by: Nick R.
Entry Date: June 2009
A Challenge I Deal With In Recovery
Every since I got out of rehab life has improved tenfold. My third year being sober has been hands down the best of them all. I was recently engaged to be married, met my father in law to be, things have gotten even better with my family, and I've even picked up a few new toys. That being said not everything has been great, I still have challenges to deal with from day to day just like everybody else.
By far the biggest challenge I've had to overcome in recovery is the age barrier. There are a few people of similar age to myself in recovery but they are few and far between, at least people I choose to associate with. When I first got sober there was practically nobody my age in the city that runs around the same area as me.
Before I got into recovery I always hung out with people a few years older than myself but now the people I hang around with are at least ten to fifteen years older than me. It's not as if the people I hang around aren't good people or that I don't care about them. It's just that when I got sober I had nothing, no truck, no kids, no wife, no house and they all were well established with families, careers and kids. There was always plenty to relate to with regards to recovery but outside of that we never had much in common.
The first two years went on and I didn't feel like I fit in but with time as I progressed I started having more in common with everybody. For quite some time I wasn't terribly happy about all that but I stuck it out. During the past year and a half I've come to realize I've got real friends, even though some of them could my parents.
It took me awhile to realize that even though I'm in recovery, I'm not going to have everything go perfectly fine even though I'd hoped they would. I seem to have gotten over that hurtle with time going by but I'm positive it won't be the last challenge I have to overcome in recovery. I now know that things go wrong and that it's normal to have that happen.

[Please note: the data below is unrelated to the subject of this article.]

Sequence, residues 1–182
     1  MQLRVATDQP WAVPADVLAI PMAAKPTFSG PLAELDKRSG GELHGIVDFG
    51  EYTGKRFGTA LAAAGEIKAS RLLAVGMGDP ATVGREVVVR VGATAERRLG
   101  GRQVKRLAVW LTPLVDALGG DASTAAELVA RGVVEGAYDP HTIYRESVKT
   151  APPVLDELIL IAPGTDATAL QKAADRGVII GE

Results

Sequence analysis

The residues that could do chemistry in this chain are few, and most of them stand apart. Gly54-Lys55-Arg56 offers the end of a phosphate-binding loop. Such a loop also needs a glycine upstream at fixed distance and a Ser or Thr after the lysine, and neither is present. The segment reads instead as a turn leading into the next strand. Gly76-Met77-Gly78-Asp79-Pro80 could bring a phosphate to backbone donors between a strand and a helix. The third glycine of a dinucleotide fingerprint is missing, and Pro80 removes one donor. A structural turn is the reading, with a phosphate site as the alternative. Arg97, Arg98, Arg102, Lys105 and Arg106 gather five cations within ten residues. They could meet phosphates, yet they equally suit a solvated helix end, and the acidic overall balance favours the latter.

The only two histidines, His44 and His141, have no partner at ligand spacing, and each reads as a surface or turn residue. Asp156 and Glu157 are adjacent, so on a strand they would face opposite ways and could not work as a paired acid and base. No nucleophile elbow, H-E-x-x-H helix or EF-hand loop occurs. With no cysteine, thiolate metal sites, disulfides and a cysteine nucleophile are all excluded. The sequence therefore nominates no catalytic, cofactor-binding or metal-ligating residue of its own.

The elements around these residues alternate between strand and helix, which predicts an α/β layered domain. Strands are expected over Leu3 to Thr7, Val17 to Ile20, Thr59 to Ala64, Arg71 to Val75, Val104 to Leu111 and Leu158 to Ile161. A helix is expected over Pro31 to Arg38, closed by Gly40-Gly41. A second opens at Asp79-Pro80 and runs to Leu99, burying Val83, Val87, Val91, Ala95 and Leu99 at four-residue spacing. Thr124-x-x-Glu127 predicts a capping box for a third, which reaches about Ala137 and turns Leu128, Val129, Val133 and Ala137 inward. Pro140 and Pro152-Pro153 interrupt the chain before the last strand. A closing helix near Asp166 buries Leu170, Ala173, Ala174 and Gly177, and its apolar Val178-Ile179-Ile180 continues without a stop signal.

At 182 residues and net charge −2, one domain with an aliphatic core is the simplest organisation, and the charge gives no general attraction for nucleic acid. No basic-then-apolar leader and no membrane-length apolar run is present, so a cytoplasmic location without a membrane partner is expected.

Entry Date: November 2008
My Experiences in Rehab
During the drive on my way to rehab, I felt like I was going to be sick. Not from drugging or drinking but because I was so nervous. When I got there I really had no idea what to think, I was coming down and I knew nothing of rehab. My first day there everyone treated me well but I was still fairly unsure about the whole thing. The first month I felt that way, although I gradually started coming around. I thought since I’d already been to rehab once before that I was just going to coast through four months and take it easy, I was wrong. It took me awhile but I finally realized that getting sober was a lot more serious than I thought. I rebelled a fair bit for my first month, anything I was told by the staff I tried to do the exact opposite. I finally figured out that they weren’t joking around when all the guys were told not to shave our heads and then I went ahead and shaved mine six hours later. That didn’t go over very well and I had my smoking privileges taken away for twenty four hours. That was when I really started to work on myself. I started coming around to the staff and really didn’t mind them anymore. My favourite day of the week was on Wednesday. During the day we were taken out into the community to do something like hiking, curling, fishing, etc., that night after super we had an AA meeting. I really started liking the meetings because I would see people who had been sober along time and it would give me hope. During the four months I was in rehab I had quite a few roommates but most of them left early or got kicked out. I did meet a few really good people that I formed close relationships with. After about three months I really started to want to go home, I was homesick. I stuck it out for the last month and couldn’t wait to leave. When the time came I was happy to be able to go back to my house and family but I knew I would always fondly remember rehab and everything it had done for me.